Review: ‘Tosca’ a crowd-pleaser

Apr. 28, 2013 | 0 Comments

REVIEW BY RUTH BINGHAM / Special to the Star-Advertiser

Puccini’s “Tosca” remains one of the most popular of operas, partly because of its jam-packed melodramatic plot (don’t blink; every line is essential), but also because it serves as a parable about the struggle between good and evil.

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Presented by Hawaii Opera Theatre

» Where: Blaisdell Concert Hall, 777 Ward Ave.
» When: 4 p.m. Sunday, April 28; also 7 p.m. Tuesday, April 30
» Cost: $29-$120 (discounts available)
» Info: 596-7858 or visit

Title character Floria Tosca is an innocent caught in a cruel world — rather how life can sometimes feel for all of us. She is the opera’s core and the sole female on stage: beautiful, passionate, religious, and talented, living for her art (music, of course; she’s a well-known singer).

But her life is buffeted by evil forces, including not only the usual operatic fare of deception, intrigue and lust, but also by politics and the historical sweep of war. Like all of us, she is vulnerable because she loves: for the sake of love, she endures torture (the psychological torture of her lover being tortured) and is eventually driven to murder and suicide, the greatest of cardinal sins.

Set during the Napoleonic wars in Italy, the opera pits Tosca against evil incarnate, the chief of police Baron Scarpia, whose leverage against Tosca is the love of her life, the painter Cavaradossi.

HOT’s production begins slowly, but the pace picks up when soprano Jill Garner (Tosca) sweeps in. Gardner (whose husband, Jake Gardner, sang Scarpia in 2006, HOT’s last production of “Tosca”), is dynamite, in voice and acting. She embodies Tosca, flirting with Cavaradossi one minute, devout the next, pleading with Scarpia, then murdering him. She is powerless, yet the most powerful of all. Gardner has a large, richly-toned, burgundy voice, and her performance in this very demanding role is worth the price of a ticket all by itself.

She is paired not with her lover, but aligned against Scarpia, sung by baritone Michael Chioldi. Brilliantly cast, his voice is rich, clear and almost equally powerful, with a dark edge that made his threats real and the audience want to boo him. Chioldi and Gardner fashioned the second act into the highlight of the evening: two perfectly matched adversaries, dueling for their lives.

As Tosca’s lover Cavaradossi, tenor Ta’u Pupu’a rounded out the trio, a linchpin between adversaries. Tall and imposing, Pupu’a is the classic heroic tenor — reliably loving, loyal, and lamented. Pupu’a and Gardner looked good together on stage, and their repartee in the first act was charming. Less experienced in dialogue acting, Pupu’a was strongest in his arias, especially the famous “Recondita Armonia” (“Strange Harmony”), comparing the woman he’s painting to Tosca, which showcased his bright, heldentenor tone.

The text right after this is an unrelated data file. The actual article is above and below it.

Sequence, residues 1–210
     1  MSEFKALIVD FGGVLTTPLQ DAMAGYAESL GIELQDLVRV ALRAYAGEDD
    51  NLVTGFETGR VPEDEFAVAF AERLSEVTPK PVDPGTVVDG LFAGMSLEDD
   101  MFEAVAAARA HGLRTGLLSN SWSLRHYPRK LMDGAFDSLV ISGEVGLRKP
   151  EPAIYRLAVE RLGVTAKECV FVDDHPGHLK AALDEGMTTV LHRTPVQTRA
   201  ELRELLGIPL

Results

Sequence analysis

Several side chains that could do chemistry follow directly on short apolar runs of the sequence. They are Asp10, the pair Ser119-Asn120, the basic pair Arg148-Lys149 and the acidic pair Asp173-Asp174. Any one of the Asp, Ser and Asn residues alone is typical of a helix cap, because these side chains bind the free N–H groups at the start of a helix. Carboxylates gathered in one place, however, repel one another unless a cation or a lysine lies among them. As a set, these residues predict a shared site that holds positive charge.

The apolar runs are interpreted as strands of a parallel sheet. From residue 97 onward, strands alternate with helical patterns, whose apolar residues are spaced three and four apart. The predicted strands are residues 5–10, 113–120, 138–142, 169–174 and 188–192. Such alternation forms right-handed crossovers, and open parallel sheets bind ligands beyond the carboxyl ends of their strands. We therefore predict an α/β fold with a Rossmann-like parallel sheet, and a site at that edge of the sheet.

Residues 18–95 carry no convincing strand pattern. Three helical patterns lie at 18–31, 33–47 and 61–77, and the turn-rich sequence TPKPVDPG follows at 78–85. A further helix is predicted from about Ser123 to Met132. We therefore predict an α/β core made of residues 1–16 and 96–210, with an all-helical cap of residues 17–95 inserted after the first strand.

The three main characters loomed so large, that secondary characters had to work to be noticed. Young Sophia Stark sang the offstage shepherd’s song at the beginning of the third act (you only get to see her during curtain calls — she’s the girl who takes the solo bow), and tenor Tracy Wise molded his police agent Spoletta role into an oily, skulking hunchback. This is an dark opera, heavy with basses: Matthew Curran as the political fugitive Cesare Angelotti, the character who launches the plot; Jerett Gieseler as one of the police agents, Sciarrone; and John Mount, HOT regular, as the kindly but clueless old Sacristan.

One of the most enjoyable aspects was Director Jay Lesenger’s excellent staging, which added much and flowed naturally. The fullness of his staging distracted only in the first act, when supernumeraries walked across stage more quickly than the foreground action was unfolding.

The production’s visual design made it easy for the audience to slip smoothly into the story. Scenic Designer Miguel Romero’s sets echo the opera’s progression: warm golden browns of a sandstone cathedral during the first act for the lovers’ bantering; brutally stark reds and blacks for Scarpia’s apartment in the second, with the torture chamber behind a hidden door; and in the third act, the cool blue-grey-black of night atop the castle’s parapet, its landmark avenging angel towering above in silhouette.

On Friday, April 26, the orchestra sounded good, but loose. Even as he struggled to keep singers and orchestra together, Conductor Steven Osgood captured the beauty of one of the most stunning operas ever composed.

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